28 The type-consistent OSF unifier boolean expansioncondition( int d1, int d2, sort s ) { if (( isatomicfs( d1 ) isatomicfs( d2 )) heap[ d1 ].SORT s heap[ d2 ].SORT s) (isatomicfs( d1 ) isatomicfs( d2 ) heap[ d2 ].SORT s) ( isatomicfs( d1 ) isatomicfs( d2 ) heap[ d1 ].SORT s) return TRUE; else return FALSE; } bind refine( int d1, int d2, sort s ) { push TRAIL( &TRAIL, d1, LINK, heap[ d1 ].CREF ); heap[ d1 ].CREF = d2; if tobechecked NULL expansioncondition( d1, d2, s ) tobechecked = cons( d2, tobechecked ); } heap[ d2 ].SORT = s; }

29 The type-consistent OSF unifier (cont d) 28. boolean check osf unify result( int r, int list tobechecked, int representation ) { boolean result = TRUE; int list l; for (l = tobechecked; result l NIL; l = l -> next) { int k = l -> value; // take the 1st elem from l int s = heap[ k ].SORT; int list new list = NIL; if osf unify( representation[ s ], k, &new list ) = -1 result = FALSE; else append( tobechecked, new list ); } return result; } boolean consistent osf unify( int i, int j, int representation ) { int list tobechecked = NIL; return osf unify( i, j, &tobechecked ) (tobechecked = NIL check osf unify result( h, &tobechecked, representation )); }

30 Feature Structure Expansion: An example lh_phrase [ PHON list, CAT #1:categ, SUBCAT #2:categ_list, HEAD #4:phrase_or_word [ PHON list, CAT #1, SUBCAT #3 #2 ], COMP #5:phrase_or_word [ PHON list, CAT #3, SUBCAT nil ], ARGS <#4, #5> ]

31 30. EXPANSION in Typed Feature Structure Grammars vs. Order- and Type-consistent OSF-theories computational effects: grammar size tcpu space (nodes) (sec) (KB) expansion 524, , 028 partial expansion 305, , 846 unfilling 171, , 683 Note: reproduced from [Callmeier, 2000], Natural Language Engineering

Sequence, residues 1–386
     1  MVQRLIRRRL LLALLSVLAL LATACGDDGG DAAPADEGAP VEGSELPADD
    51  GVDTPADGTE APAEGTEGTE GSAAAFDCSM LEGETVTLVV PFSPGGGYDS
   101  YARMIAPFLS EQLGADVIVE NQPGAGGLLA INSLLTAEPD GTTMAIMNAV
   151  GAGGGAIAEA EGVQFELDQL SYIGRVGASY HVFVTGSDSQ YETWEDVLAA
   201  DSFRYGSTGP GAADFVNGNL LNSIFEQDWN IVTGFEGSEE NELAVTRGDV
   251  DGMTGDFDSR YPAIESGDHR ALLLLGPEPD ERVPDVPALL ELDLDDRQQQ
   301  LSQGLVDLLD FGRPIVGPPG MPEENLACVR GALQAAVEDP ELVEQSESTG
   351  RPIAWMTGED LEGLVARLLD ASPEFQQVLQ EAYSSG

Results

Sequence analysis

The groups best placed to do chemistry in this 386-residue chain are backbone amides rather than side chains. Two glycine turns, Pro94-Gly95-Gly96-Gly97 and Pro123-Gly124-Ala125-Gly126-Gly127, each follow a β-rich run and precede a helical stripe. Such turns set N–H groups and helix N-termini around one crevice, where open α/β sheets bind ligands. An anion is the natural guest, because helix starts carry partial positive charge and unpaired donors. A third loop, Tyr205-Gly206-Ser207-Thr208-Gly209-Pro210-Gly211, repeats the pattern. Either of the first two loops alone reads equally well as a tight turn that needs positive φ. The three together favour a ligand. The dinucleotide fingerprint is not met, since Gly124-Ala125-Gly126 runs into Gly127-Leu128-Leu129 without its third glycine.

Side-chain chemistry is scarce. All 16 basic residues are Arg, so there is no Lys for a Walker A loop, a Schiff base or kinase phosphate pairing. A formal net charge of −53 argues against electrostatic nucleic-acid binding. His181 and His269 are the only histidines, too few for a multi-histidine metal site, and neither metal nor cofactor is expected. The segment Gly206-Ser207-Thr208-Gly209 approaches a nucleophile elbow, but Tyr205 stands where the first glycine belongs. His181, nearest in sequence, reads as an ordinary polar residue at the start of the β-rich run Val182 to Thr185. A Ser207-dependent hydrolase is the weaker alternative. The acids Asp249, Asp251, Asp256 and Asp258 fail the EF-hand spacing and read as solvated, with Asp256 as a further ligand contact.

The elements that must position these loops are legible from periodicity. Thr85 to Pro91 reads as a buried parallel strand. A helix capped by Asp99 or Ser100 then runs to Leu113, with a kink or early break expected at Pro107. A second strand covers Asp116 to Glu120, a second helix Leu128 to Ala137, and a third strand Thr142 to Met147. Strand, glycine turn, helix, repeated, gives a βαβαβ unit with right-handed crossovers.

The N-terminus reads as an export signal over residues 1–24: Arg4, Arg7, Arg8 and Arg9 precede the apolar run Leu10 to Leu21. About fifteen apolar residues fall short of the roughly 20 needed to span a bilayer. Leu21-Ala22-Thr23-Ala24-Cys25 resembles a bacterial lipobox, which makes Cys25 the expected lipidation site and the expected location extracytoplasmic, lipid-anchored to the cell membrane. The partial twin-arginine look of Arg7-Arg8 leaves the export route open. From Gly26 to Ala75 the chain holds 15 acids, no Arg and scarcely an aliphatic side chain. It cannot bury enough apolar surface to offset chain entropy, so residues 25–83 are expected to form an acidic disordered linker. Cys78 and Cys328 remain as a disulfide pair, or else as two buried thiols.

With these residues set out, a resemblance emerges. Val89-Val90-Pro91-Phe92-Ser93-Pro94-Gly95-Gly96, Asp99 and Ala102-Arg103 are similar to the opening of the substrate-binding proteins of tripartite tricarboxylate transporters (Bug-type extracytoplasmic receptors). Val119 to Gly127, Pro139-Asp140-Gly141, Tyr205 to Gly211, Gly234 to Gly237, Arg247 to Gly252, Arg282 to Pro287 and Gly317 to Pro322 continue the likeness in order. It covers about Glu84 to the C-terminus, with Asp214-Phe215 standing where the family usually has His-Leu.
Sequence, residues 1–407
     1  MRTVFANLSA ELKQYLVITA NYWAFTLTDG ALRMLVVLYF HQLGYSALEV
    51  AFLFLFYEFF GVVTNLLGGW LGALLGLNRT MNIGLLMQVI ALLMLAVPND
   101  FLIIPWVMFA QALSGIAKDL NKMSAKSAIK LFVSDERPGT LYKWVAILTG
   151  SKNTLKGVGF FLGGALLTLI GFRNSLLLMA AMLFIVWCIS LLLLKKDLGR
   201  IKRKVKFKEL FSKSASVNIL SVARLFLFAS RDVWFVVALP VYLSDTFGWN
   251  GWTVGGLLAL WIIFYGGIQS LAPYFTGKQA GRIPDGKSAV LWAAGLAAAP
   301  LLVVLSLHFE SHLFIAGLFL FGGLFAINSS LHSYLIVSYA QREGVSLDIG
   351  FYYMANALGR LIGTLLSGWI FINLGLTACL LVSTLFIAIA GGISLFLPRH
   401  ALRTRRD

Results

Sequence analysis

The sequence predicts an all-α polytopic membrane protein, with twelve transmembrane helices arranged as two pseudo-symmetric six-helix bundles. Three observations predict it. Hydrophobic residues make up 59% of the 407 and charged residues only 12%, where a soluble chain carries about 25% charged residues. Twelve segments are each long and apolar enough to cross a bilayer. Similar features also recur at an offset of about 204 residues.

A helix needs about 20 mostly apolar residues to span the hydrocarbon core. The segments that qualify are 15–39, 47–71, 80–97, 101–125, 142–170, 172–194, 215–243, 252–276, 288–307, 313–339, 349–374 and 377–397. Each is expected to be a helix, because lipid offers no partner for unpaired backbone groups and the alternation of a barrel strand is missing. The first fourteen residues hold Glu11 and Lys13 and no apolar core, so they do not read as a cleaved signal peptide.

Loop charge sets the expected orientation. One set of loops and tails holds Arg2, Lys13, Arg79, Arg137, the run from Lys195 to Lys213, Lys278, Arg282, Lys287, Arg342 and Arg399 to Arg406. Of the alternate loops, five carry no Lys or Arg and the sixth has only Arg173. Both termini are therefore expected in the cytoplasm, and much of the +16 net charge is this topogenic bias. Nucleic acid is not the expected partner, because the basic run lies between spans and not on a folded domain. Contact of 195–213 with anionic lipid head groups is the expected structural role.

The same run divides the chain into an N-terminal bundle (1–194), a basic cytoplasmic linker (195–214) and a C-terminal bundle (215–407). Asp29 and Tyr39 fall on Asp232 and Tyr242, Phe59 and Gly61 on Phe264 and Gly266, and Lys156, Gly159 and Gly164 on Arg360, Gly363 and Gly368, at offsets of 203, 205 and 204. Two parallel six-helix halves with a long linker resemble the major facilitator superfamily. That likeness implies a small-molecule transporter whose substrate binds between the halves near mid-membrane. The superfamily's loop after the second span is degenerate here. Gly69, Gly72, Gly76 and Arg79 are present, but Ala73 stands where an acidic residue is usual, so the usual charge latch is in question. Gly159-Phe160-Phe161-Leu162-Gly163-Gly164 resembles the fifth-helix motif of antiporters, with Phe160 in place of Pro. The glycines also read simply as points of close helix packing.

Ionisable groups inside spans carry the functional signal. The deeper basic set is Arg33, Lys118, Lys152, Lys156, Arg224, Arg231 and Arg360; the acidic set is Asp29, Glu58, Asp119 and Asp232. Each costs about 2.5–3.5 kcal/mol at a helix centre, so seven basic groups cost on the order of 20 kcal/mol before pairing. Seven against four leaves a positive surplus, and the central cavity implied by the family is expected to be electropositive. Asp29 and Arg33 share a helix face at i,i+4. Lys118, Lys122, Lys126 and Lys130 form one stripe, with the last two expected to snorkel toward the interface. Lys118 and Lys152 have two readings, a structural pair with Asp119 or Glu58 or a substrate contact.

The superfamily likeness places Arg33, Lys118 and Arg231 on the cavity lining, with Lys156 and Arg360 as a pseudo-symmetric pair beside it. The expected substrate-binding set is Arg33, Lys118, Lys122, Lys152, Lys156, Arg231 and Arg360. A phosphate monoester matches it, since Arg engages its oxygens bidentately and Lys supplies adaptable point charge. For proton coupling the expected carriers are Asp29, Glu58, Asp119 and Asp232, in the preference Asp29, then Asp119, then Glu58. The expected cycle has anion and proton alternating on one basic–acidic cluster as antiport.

32 Compiled OSF-unification The query OSF abstract code for ψ 1 (left) and ψ 2 (right) push cell 0 set sort 0, a push cell 1 set feature 0, FEAT1, 1 set sort 1, b push cell 0 set sort 0, a push cell 1 set feature 0, FEAT1, 1 set sort 1, c push cell 2 set feature 1, FEAT2, 2 set sort 2, bool

33 32. Abstract program code for the term ψ 1 R0: intersect sort 0, a test feature 0, FEAT1, 1, 1, W1, a intersect sort 1, b R1: goto W2; W1:push cell 1 set feature 0, FEAT1, 1 set sort 1, b W2:

34 READ abstract instructions in OSF AM 33. push cell i:int if i+q MAX HEAP H MAX HEAP error( heap allocated size exceeded\n ); else { heap[ H ].SORT = TOP; heap[ H ].FTAB = FTAB DEF VALUE; heap[ H ].CREF = H; setx( i+q, H++ ); } set sort i:int, s:sort heap[ X[ i+q ] ].SORT = s; set feature i:int, f:feat, j:int int addr = deref( X[ i+q ] ); FEAT frame *frame = heap[ addr ].FTAB push TRAIL( &TRAIL, addr, FEAT, (frame FTAB DEF VALUE? frame >nf : 0) ); add feature( addr, f, X[ j+q ] );

35 34. WRITE abstract instructions in OSF AM (I) intersect sort i:int, s:sort int addr = deref( X[ i+q ] ), p; sort new sort = glb( s, heap[ addr ].SORT ); if new sort = fail = TRUE; else { if s new sort push TRAIL( &TRAIL, addr, SORT, heap[ addr ].SORT ); heap[ addr ].SORT = new sort; } write test level:int, l:label if D level goto R l ;

36 WRITE abstract instructions in OSF AM (II) 35. test feature i:int, f:feat, j:int, level:int, l:label int addr = deref( X[ i+q ] ), p; int k = get feature( addr, f ); if k FAIL X[ j+q ] = heap[ addr ].FTAB.features[ k ].VAL; else { D = level; goto W l ; } unify feature i:int, f:feat, j:int int addr = deref( X[ i+q ] ), k; FEAT frame *frame = heap[ addr ].FTAB; if (k = (get feature( addr, f )) FAIL) fail = osf unify( heap[ addr ].FTAB.feats[ k ].TERM, X[ j+q ] ); else { push TRAIL( &TRAIL, addr, FEAT, (frame FTAB DEF VALUE? frame >nf : 0) ); add feature( addr, f, X[ j+q ] ); }

37 2.4 Compiled OSF-theory unification 36.